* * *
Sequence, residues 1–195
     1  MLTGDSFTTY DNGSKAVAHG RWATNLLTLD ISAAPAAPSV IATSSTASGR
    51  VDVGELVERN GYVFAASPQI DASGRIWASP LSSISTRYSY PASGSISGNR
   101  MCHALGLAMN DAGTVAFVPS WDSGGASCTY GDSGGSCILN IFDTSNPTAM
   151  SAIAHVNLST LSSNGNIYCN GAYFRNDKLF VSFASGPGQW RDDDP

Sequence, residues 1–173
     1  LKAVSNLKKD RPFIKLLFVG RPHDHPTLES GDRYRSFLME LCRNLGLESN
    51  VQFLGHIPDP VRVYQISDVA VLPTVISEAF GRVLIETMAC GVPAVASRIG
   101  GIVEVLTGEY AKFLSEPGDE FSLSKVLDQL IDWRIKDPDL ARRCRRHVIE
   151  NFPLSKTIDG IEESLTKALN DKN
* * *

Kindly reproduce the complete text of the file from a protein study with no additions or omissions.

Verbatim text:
Sequence, residues 1–195
     1  MLTGDSFTTY DNGSKAVAHG RWATNLLTLD ISAAPAAPSV IATSSTASGR
    51  VDVGELVERN GYVFAASPQI DASGRIWASP LSSISTRYSY PASGSISGNR
   101  MCHALGLAMN DAGTVAFVPS WDSGGASCTY GDSGGSCILN IFDTSNPTAM
   151  SAIAHVNLST LSSNGNIYCN GAYFRNDKLF VSFASGPGQW RDDDP

Sequence, residues 1–173
     1  LKAVSNLKKD RPFIKLLFVG RPHDHPTLES GDRYRSFLME LCRNLGLESN
    51  VQFLGHIPDP VRVYQISDVA VLPTVISEAF GRVLIETMAC GVPAVASRIG
   101  GIVEVLTGEY AKFLSEPGDE FSLSKVLDQL IDWRIKDPDL ARRCRRHVIE
   151  NFPLSKTIDG IEESLTKALN DKN